UK Government rejects ‘super-lorry’ proposals
by David Masters
July 14, 2008
Super lorries had been billed as a key weapon in the fight against climate change, yet the government has rejected their introduction in the UK.
Longer heavier vehicles (LHV) can carry up to twice as much as standard lorries, potentially halving the number of lorries on the road.
However, transport secretary Ruth Kelly says that LHVs are too problematic to even allow a trial.
Citing a report by the Transport Research Laboratory, Kelly argues that allowing LHVs onto UK roads could actually increase carbon emissions as they would take freight off the railways.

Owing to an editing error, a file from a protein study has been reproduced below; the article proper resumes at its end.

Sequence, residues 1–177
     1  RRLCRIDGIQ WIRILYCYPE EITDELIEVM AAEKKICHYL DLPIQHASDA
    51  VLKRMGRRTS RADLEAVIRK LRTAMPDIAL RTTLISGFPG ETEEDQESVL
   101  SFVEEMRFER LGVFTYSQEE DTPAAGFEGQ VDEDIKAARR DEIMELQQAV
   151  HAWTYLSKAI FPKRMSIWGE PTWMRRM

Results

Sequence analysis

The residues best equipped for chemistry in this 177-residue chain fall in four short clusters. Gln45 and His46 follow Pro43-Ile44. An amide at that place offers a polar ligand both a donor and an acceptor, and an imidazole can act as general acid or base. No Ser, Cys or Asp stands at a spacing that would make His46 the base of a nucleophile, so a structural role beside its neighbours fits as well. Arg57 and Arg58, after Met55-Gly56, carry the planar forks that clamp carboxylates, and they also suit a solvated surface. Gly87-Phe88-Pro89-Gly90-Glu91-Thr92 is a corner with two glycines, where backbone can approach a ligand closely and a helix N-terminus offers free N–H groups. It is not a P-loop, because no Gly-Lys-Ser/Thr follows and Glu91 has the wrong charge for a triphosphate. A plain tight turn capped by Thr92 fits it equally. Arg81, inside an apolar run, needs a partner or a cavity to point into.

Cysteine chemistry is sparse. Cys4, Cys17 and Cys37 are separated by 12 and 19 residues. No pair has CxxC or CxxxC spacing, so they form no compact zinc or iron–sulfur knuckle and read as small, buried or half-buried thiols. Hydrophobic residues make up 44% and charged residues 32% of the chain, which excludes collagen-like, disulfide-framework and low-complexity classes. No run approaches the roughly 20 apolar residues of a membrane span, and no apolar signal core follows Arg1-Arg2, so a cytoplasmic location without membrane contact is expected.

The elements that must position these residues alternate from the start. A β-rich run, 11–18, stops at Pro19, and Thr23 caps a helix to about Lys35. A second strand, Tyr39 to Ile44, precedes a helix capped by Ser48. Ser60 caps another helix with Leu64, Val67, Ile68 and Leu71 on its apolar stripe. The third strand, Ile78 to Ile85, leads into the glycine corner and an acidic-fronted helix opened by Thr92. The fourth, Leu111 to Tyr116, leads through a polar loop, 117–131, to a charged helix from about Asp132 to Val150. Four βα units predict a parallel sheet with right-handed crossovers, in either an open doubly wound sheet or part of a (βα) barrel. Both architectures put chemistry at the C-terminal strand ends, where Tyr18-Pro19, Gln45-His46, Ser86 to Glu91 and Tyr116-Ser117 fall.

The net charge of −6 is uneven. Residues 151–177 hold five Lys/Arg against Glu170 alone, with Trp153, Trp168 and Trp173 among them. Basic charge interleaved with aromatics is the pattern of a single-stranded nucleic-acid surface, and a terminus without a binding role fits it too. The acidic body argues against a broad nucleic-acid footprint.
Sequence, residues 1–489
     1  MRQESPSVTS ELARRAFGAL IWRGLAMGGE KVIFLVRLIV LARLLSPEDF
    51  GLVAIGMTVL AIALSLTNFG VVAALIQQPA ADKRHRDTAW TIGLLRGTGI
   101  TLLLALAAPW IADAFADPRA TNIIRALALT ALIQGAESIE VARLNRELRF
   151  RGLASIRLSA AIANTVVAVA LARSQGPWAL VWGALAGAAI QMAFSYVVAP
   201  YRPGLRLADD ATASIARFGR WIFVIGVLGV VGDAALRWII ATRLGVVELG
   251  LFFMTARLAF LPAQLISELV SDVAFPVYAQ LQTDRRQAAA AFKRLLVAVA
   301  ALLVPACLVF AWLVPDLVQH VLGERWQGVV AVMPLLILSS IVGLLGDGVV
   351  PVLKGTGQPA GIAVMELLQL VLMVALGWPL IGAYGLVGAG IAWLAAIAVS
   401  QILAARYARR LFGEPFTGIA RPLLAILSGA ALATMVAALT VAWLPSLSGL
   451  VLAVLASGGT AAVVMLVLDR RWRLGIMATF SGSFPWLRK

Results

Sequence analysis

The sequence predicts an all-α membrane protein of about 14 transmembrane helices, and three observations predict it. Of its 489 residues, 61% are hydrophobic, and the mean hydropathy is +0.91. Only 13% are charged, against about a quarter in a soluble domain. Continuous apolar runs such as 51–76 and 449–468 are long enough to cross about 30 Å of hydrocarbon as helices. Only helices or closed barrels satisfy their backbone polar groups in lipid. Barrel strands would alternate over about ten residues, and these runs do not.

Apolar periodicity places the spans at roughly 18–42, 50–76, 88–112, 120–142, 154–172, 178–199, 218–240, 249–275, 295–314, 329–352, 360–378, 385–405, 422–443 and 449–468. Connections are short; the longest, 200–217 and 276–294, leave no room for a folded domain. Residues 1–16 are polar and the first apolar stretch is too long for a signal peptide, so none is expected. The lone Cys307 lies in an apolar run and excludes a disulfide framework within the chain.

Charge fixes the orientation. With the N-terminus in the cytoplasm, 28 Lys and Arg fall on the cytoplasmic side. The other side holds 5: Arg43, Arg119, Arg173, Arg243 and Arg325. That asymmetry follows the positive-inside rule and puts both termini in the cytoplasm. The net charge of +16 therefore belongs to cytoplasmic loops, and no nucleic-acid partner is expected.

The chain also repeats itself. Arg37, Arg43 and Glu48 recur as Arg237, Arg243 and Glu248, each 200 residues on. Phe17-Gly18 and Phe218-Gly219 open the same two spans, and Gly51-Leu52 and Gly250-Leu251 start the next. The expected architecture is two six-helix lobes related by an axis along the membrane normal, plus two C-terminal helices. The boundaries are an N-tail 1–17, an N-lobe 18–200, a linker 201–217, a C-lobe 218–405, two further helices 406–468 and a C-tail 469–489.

Furthermore, LHVs would not be able to drive safely on many UK roads and junctions, and as such would require heavy investment in the road infrastructure.
The haulage industry has expressed its disappointment at the announcement.
A representative for the Road Haulage Association wrote off the carbon emissions argument as ‘excuse making’ and added that LHVs would only operate on registered, safe routes, not requiring any additional investment.
The Freight Transport Association are equally disappointed, and have accused the government of favouritism towards the rail lobby.
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